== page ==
A major outage at content delivery network Cloudflare caused hundreds of websites across the internet to stop working and return a ‘500 Internal Server error’ message this morning
A major outage at content delivery network Cloudflare caused hundreds of websites across the internet to stop working and return a ‘500 Internal Server error’ message this morning.
A content delivery network (CDN) is a distributed group of severs around the world that work in unison. Websites use these CDNs to deliver content from the cloud safely and as quickly as possible.
Cloudflare is the most popular content delivery network by some margin, with around 10 per cent of all requests on the internet running through its servers.
Websites affected by the and may have been affected by the issue, but it was also facing a surge in demand for journey information on the first day of rail strikes across Britain.
Cloudflare acknowledged the issue in an update on its official account.
‘The Cloudflare team is aware of the current service issues and is working to resolve as quickly as possible,’ it stated.
The company implemented a fix at 08.20 BST (03:20 EDT) and posted an update on its service status page at 09:06 BST (04:06 EDT) claiming to have resolved the issue.
Cloudflare acknowledged the issue in an update on its official Twitter account
Websites affected include Discord, Shopify, Fitbit, Peloton, Grindr, Ring, bet365, Google, NordVPN, JustEat and Ladbrokes, according to Downdetector.
The outage prompted many internet users to express their distress about ‘large chunks of the internet’ returning a 500 Internal Server Error message on social media.
‘Did the internet just go down? Getting a 500 internal server error across several websites,’ wrote one Twitter user.
‘Downdetector is down, Discord is down, League of Legends Servers are down, Valorant is down. Huge internet outage happening,’ wrote another.
‘Half the internet is down because of some cloudflare issue giving a 500 server internal nginx error.
Pingu is taking over the world as we speak. Twitter is next. It’s over folks. Noot noot,’ wrote another.
‘And you thought the train strike was bad…’ said cybersecurity expert Graham Cluley.
‘When many websites are reliant on a single technology, there’s always the risk it may be a single point of failure.’
Jake Moore, Global Cybersecurity Advisor at ESET Internet Security told MailOnline: ‘There seems to be a problem with Cloudflare and a fix is being implemented but in the meantime users may be frustrated with the amount of services offline.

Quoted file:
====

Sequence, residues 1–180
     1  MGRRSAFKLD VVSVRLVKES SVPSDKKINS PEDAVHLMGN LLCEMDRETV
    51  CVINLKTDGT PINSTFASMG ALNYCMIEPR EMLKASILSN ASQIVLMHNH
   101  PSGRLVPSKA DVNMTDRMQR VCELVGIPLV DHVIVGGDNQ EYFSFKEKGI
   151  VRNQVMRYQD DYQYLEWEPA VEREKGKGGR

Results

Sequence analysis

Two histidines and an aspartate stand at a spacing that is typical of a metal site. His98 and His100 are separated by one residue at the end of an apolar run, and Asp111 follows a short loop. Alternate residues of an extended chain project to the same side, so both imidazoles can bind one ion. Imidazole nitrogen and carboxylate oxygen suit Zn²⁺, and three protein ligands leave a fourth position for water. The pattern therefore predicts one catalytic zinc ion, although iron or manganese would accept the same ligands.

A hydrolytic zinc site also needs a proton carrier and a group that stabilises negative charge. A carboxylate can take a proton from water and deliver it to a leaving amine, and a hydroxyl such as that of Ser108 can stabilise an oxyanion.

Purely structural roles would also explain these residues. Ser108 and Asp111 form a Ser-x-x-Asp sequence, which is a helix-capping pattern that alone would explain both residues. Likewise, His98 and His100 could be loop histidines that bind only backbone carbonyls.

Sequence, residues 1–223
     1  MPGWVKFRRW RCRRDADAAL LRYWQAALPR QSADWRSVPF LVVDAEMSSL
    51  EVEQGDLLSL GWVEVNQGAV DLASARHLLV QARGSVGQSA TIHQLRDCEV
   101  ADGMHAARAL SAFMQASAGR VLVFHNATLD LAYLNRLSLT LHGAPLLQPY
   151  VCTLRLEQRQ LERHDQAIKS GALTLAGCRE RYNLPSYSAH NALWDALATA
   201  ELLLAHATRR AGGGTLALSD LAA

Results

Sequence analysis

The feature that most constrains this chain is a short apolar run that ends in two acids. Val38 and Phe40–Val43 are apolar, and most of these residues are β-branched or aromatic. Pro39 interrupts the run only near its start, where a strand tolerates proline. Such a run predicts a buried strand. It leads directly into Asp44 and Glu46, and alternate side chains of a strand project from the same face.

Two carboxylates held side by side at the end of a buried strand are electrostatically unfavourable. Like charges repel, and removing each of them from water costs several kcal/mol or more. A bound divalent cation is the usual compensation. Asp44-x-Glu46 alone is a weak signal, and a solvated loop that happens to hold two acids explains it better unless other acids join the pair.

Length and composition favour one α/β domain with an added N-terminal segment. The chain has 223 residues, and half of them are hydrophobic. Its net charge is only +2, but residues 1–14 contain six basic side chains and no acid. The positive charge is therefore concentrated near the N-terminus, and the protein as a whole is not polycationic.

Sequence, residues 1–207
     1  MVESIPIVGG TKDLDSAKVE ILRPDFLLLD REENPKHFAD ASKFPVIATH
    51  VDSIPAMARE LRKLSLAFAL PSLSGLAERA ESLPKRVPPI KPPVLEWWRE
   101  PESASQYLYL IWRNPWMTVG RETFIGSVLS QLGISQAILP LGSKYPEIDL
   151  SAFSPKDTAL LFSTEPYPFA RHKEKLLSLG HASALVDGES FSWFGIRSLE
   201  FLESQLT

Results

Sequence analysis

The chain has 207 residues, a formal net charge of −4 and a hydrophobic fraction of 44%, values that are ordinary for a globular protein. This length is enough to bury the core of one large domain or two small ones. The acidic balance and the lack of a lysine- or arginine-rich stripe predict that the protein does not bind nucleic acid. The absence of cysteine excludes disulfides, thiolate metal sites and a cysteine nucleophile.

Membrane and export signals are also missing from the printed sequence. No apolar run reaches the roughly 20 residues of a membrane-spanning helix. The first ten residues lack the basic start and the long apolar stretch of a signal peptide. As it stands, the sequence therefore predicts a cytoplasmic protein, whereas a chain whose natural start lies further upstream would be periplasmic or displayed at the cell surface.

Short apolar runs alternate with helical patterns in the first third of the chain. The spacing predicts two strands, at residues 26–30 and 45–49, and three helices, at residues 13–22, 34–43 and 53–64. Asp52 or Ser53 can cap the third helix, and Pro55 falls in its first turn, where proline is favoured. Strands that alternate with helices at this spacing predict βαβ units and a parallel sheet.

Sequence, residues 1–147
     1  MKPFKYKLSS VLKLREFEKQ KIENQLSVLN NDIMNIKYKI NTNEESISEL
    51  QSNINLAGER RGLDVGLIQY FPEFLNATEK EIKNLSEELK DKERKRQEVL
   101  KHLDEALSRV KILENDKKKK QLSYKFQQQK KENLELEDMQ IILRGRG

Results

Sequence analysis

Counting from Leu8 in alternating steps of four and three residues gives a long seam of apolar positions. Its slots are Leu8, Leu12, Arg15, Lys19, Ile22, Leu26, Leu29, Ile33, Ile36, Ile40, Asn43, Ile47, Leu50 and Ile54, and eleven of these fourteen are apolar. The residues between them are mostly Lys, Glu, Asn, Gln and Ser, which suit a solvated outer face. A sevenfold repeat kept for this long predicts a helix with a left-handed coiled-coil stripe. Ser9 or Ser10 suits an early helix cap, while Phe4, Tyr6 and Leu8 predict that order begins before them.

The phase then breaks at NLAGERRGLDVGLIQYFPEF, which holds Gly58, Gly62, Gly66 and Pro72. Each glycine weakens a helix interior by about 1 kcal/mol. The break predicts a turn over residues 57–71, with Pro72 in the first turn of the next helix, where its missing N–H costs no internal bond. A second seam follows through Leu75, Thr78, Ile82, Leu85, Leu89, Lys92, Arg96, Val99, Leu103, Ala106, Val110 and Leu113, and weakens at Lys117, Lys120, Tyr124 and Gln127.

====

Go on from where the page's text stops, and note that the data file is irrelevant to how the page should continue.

‘It just goes to show how the majority of the internet still funnels through a small series of lines which puts major pressure on these platforms which are designed to offer protection and reliability.
‘When problems occur, havoc can erupt in cyberspace.
Unfortunately, these are becoming more commonplace.’
Internet users took to Twitter to express their distress about ‘large chunks of the internet’ returning a 505 Internal Server Error
Moore explained: ‘Each request from a browser responds with a status.
When you visit a website and are met with a 500 Internal Server error message, it means there is a problem with the website.
‘Usually no information is offered as to why but in more and more cases these days the problem lies with the content delivery network.
‘CDNs are battling increasing traffic which is often the cause of outages.’
Cloudflare was quick to identify the issue and implement a fix.
John Graham-Cumming, CTO of Cloudflare, said on a that it was not a worldwide outage, but ‘a lot of places’ were impacted.
‘Problem with our backbone.
We know what. Rollbacks etc. happening,’ he said.
The company has now published a on its blog, stating that the outage affected traffic in 19 of its data centres, which together handle a significant proportion of its global traffic.
These data centres are located in Amsterdam, Atlanta, Ashburn, Chicago, Frankfurt, London, Los Angeles, Madrid, Manchester, Miami, Milan, Mumbai, Newark, Osaka, São Paulo, San Jose, Singapore, Sydney, Tokyo.
In a statement sent to MailOnline this afternoon, Cloudflare confirmed that the outage ‘was not the result of an attack’.
‘A network change in some of our data centres caused a portion of our network to be unavailable,’ a Cloudflare spokesperson said.
‘Due to the nature of the incident, customers may have had difficulty reaching websites and services that rely on Cloudflare from approximately 0628-0720 UTC.
‘Cloudflare was working on a fix within minutes, and the network is running normally now.’